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ucim
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Re: Seneca Valley - False accusations and how to handle them

Postby ucim » Fri Oct 19, 2018 6:07 pm UTC

Oh, I'm hardly qualified to propose punishment, nor do I know enough about the details of the case to pass judgment. Things are often quite different in reality than they appear on the internet. But for the following, I'll assume things are as depicted.

However, I disagree that those falsely accusing somebody of sexual misconduct are "merely an indirect threat". The boy was considered a threat to society directly because of the accusations (and subsequent court proceedings). The harm to the innocent accused is real and direct, and extend beyond the cost of the psychologist and homeschool. The crime was premeditated. Pulling the trigger and getting somebody else to pull the trigger are equally deadly.

Part of the rationale of punishment is to make the crime definitely not worth it. For the girls, it might still have been worth it even after community service, if they really didn't like the kid. As a society, we need to decide whether this kind of behavior should be encouraged, tolerated (especially if we don't like the target), discouraged (wink wink nudge nudge), or outright forbidden.

I favor the latter treatment, for reasons above.

Jose
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Re: Seneca Valley - False accusations and how to handle them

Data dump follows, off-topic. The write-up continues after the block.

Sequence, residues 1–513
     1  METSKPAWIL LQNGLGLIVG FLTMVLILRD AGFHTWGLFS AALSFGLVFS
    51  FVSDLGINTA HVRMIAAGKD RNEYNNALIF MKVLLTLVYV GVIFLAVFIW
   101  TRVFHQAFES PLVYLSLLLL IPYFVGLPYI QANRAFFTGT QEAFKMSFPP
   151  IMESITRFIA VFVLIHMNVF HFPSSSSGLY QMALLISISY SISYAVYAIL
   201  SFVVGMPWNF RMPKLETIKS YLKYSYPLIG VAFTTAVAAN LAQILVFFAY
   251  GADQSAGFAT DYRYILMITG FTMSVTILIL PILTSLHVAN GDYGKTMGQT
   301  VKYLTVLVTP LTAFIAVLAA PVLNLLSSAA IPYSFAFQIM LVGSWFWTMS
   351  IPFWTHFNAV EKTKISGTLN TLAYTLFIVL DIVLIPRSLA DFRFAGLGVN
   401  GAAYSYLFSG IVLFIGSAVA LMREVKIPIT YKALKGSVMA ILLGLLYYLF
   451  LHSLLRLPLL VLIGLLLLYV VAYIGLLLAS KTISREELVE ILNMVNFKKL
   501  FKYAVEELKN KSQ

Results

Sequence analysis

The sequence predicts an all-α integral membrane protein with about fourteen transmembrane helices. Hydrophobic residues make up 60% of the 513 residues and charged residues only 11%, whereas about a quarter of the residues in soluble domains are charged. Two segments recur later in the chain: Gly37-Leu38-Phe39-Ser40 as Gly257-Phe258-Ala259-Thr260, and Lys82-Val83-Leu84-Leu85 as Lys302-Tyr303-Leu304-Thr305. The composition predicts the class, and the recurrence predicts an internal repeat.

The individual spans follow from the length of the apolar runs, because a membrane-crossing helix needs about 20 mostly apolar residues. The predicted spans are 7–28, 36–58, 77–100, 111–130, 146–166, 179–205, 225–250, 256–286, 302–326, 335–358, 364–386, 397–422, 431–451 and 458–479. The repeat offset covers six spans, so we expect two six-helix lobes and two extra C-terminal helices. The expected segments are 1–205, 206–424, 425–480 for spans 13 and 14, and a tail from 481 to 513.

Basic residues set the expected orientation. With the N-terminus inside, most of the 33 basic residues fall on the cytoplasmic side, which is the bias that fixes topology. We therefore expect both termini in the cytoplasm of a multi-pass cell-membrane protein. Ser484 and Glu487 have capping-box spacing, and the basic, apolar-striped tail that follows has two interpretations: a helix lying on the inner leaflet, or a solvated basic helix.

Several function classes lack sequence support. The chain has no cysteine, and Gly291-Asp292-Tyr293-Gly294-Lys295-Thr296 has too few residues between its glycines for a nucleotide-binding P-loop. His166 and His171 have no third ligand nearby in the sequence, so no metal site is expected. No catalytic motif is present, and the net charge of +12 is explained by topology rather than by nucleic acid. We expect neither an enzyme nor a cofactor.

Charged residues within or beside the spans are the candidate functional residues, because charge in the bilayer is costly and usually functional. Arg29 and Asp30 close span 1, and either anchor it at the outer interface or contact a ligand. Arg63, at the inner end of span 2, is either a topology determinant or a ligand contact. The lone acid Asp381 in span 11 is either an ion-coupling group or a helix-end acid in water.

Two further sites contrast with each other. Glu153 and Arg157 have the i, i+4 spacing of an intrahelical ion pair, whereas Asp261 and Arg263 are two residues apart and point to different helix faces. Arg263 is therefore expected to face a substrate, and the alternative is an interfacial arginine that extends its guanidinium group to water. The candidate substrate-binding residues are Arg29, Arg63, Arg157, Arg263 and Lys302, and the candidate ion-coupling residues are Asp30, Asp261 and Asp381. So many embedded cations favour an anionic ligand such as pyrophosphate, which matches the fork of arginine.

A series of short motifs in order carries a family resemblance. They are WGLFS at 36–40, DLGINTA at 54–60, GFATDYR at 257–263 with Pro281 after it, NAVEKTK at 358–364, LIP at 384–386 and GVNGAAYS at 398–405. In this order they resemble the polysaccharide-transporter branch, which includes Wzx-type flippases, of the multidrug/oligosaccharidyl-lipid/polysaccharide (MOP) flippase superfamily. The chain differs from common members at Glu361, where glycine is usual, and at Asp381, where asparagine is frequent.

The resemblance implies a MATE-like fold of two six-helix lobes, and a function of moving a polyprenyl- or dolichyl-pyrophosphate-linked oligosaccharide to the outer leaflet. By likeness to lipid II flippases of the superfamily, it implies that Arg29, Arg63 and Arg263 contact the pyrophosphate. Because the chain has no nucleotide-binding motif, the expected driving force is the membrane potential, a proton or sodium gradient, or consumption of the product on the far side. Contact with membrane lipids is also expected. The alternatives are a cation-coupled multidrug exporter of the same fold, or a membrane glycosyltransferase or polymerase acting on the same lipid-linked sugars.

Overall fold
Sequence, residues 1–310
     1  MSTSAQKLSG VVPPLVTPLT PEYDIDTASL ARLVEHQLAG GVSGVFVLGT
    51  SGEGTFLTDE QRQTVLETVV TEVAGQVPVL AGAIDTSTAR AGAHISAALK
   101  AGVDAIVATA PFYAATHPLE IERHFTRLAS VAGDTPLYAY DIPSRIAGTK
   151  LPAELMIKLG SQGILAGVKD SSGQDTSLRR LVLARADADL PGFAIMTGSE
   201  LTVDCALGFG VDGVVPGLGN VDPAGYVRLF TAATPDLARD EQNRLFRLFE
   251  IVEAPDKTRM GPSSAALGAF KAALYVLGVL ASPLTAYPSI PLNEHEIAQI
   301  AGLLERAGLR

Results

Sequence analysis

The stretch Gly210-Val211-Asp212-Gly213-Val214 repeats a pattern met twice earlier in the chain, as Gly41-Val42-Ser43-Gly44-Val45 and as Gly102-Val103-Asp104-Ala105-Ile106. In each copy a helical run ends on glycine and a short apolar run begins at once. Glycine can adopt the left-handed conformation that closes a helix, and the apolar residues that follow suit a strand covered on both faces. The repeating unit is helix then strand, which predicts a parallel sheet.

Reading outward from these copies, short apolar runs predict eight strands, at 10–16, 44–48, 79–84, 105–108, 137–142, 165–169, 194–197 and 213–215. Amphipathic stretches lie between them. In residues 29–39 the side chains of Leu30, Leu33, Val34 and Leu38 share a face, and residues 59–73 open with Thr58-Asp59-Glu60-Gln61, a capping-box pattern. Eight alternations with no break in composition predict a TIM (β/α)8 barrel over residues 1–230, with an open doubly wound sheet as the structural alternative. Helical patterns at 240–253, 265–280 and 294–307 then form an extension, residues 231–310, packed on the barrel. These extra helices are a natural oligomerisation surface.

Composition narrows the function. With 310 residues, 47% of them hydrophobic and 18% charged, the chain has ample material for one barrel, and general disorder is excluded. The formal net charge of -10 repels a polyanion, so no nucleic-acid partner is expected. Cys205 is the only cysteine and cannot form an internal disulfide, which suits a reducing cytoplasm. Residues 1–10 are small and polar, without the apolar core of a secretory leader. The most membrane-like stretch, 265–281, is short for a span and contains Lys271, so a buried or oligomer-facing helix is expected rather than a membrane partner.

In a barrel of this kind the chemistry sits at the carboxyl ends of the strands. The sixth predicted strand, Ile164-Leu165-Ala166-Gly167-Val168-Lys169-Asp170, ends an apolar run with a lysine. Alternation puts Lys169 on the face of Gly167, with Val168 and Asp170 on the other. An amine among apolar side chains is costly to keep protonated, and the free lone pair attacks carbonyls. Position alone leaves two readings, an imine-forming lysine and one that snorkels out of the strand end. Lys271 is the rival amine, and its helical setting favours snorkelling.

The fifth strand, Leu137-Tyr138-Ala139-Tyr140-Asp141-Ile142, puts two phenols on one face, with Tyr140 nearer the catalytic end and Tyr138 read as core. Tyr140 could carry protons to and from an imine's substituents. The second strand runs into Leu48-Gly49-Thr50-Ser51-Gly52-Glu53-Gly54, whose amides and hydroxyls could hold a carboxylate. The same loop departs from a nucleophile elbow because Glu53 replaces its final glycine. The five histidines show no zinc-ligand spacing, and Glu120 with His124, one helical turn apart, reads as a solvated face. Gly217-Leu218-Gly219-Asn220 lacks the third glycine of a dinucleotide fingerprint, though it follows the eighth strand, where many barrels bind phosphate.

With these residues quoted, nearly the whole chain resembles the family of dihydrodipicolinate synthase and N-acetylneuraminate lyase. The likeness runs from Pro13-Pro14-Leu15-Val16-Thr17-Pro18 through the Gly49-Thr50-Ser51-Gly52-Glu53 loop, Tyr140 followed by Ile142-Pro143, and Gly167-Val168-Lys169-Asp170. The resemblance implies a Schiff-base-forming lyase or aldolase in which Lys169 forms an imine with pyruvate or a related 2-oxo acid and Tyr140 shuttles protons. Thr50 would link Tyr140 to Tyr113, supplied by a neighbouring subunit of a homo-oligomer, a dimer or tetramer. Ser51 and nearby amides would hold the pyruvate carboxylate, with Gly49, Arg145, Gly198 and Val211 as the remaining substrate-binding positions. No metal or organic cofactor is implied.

Postby Leovan » Fri Oct 19, 2018 6:23 pm UTC

ucim wrote:However, I disagree that those falsely accusing somebody of sexual misconduct are "merely an indirect threat". The boy was considered a threat to society directly because of the accusations (and subsequent court proceedings). The harm to the innocent accused is real and direct, and extend beyond the cost of the psychologist and homeschool. The crime was premeditated. Pulling the trigger and getting somebody else to pull the trigger are equally deadly.


I'm not saying they're not a threat. They are arguably the greater threat to society. What I mean is that in order to prevent a sexual predator from repeating the crime, the punishment is separation of that predator from society, in this case through jail and house arrest. The girls are already to a large degree prevented from repeating their crime by the fact that their last attempt is well known and people won't believe them anymore. The further punishment would be with the aim of preventing them from wanting to commit similar crimes. Community service, possibly in a victim's shelter, could be just as effective and cause more good to come of it than sending them to jail. Based on the story, he spent 9 days in jail and at least 28 days in house arrest. That's about 900 hours of community service.